“Pick your battles. Sometimes we can influence those people and sometimes we can’t. Look before leaping. Choose the issues that are worth going to the mat because you can’t fight every battle.”
Navigate nps.gov/aboutus/workwithus.htm for NPS job paths. Connect on Facebook, Twitter, LinkedIn, YouTube, Instagram, Flickr and iTunes.
Tezak Leads CBP’s Office of the Executive Secretariat
Joe Tezak is director, executive secretariat at U.S. Customs and Border Protection (CBP), which is based in Washington, DC. Being quadriplegic, he works from a wheelchair and has a solid sense of humor about that.
“I bring my own chair to work, so I save the government a couple hundred dollars as they don’t have to provide a chair,” he jokes. “I also make it easier for the cleaning lady, too, as she doesn’t have to sweep under my chair at night.”
However, when it comes to the work that Tezak and his 60,000 colleagues do, it couldn’t be more serious.
For example, in a typical day, CBP, the largest law enforcement arm of the U.S. Department of Homeland Security (DHS), processes more than a million passengers and pedestrians, and conducts about a thousand apprehensions between U.S. ports of entry and arrests of 23 wanted criminals, plus discovers about 500 pests and 5,000 materials for quarantine, and seizes about a thousand pounds of drugs and $4 million worth of products with intellectual property rights violations. The CBP also identifies about 600 individuals every day with suspected national security concerns.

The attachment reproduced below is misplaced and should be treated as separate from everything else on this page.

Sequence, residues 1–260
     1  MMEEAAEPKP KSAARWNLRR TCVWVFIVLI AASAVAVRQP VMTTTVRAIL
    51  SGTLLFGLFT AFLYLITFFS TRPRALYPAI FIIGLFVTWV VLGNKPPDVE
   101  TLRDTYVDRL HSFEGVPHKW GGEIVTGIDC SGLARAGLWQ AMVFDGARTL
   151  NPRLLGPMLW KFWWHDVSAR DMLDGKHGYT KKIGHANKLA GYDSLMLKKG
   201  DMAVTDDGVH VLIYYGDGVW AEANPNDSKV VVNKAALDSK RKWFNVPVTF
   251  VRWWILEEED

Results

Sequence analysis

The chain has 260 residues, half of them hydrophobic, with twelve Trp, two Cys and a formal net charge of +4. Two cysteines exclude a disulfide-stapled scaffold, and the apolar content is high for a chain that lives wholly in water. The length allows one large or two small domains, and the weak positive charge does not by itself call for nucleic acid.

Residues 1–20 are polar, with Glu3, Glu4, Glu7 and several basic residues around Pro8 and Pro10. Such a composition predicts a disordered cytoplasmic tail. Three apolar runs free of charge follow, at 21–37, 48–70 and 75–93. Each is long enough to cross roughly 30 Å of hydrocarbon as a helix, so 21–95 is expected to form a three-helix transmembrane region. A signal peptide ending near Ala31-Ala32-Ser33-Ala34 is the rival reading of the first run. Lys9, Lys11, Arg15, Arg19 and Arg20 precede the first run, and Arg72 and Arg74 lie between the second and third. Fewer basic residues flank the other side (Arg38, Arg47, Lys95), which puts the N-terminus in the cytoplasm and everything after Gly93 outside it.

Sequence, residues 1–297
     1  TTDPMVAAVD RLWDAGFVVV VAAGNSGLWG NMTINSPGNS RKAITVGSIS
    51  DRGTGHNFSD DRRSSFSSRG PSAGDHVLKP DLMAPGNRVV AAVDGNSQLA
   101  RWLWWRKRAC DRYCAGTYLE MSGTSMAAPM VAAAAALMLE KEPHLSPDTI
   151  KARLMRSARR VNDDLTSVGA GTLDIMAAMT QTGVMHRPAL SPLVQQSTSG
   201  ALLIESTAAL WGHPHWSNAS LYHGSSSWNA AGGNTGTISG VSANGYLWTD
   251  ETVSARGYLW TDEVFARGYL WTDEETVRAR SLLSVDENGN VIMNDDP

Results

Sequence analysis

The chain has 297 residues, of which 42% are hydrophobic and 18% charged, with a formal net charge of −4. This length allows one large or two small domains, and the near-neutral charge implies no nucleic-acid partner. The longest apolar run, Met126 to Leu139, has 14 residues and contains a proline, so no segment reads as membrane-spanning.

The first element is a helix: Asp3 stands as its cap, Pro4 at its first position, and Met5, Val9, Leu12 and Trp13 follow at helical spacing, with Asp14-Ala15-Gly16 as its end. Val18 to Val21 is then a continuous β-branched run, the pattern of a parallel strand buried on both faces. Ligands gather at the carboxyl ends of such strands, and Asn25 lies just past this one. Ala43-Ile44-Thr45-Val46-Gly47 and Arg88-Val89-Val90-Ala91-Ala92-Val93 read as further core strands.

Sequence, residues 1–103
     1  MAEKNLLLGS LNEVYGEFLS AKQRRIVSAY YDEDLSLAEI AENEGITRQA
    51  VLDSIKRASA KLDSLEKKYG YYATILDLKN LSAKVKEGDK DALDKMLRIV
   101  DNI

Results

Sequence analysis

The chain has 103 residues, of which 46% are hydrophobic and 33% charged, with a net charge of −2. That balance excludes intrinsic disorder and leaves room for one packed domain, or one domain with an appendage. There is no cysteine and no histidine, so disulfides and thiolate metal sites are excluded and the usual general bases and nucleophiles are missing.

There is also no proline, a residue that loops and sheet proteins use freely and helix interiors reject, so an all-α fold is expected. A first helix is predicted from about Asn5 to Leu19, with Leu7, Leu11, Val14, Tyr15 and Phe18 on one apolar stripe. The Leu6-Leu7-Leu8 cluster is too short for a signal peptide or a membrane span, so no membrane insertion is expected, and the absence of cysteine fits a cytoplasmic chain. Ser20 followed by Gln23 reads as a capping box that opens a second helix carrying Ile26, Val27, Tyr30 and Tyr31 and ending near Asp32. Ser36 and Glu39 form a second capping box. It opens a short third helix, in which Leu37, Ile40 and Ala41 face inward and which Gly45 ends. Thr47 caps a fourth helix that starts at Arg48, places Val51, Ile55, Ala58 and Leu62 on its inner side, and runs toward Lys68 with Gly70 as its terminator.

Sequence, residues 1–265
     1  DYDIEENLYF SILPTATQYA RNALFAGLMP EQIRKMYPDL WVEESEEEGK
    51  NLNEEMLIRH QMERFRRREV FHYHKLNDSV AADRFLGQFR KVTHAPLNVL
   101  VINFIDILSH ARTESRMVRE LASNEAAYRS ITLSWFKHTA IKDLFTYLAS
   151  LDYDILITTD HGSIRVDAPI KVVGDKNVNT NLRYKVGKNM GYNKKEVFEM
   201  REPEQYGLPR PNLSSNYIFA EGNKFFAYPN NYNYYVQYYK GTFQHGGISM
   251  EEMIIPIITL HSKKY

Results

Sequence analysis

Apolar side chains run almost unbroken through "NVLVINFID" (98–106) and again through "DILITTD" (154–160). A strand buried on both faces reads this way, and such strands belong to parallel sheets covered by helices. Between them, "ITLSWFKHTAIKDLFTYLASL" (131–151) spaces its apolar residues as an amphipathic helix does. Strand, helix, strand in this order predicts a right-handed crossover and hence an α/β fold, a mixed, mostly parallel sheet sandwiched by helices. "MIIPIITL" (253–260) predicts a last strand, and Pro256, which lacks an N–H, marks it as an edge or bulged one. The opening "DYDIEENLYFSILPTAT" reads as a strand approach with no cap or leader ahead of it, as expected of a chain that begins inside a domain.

The importance of CBP’s work explains Tezak’s pride in his career: “First and foremost, I love our mission. Every day I come to work, I’m having an impact on our nation’s safety and economy. I see the results of what we do on a daily basis. Living and working in Washington, DC, I’m at the center of so much, and what we do has such an impact.”
And what is Tezak’s role? “Our office manages and tracks all of the communication coming out of our agency outside of the public affairs realm. That might be members of Congress, communication between agencies and all reporting requirements.”
Being the conduit for so much data can mean something gets misplaced or overlooked. Tezak found himself in such a situation, but applied Harry Truman’s motto: “The buck stops here.”
He elaborates: “I was in a supervisory position and senior management asked about the status of a project, wanting to know why it wasn’t completed. I wasn’t looped into it, but responded that it was my office and staff, and that I would take charge as it was my responsibility. While it was investigated for a couple weeks, I was moved to another position.”
However, the end result was a positive one for Tezak. “It was determined that I had nothing to do with the project, and my supervisor thanked me for my accountability and not blaming others. She was appreciative that I’d stepped up to the plate and kept my cool. The end result was a great personal relationship with that senior manager.”
Tezak has a history of recovering from such trials. When he was young, he attended a New Year’s Eve party. The hosting apartment had a Murphy’s bed, which folds into the wall, and all evening long, the attendees had joked about an I Love Lucy episode where Ricky and Lucy kept being raised into the wall every time a train passed. As a lark, another partygoer tried to raise the bed while Tezak partially lay on it with his feet on the floor. He was thrown against the wall.
“I heard a couple pops in my neck, and my hands and feet went numb,” he recalls. “I knew something was wrong right away. Paramedics were called and I went into surgery that night. The next morning, I awoke with an NG [nasogastric feeding] tube in my nose. I thought it was an oxygen tube and tried to pull it out, thinking I was ready to go home, but the nurses freaked out. A doctor came and explained I was a quadriplegic.”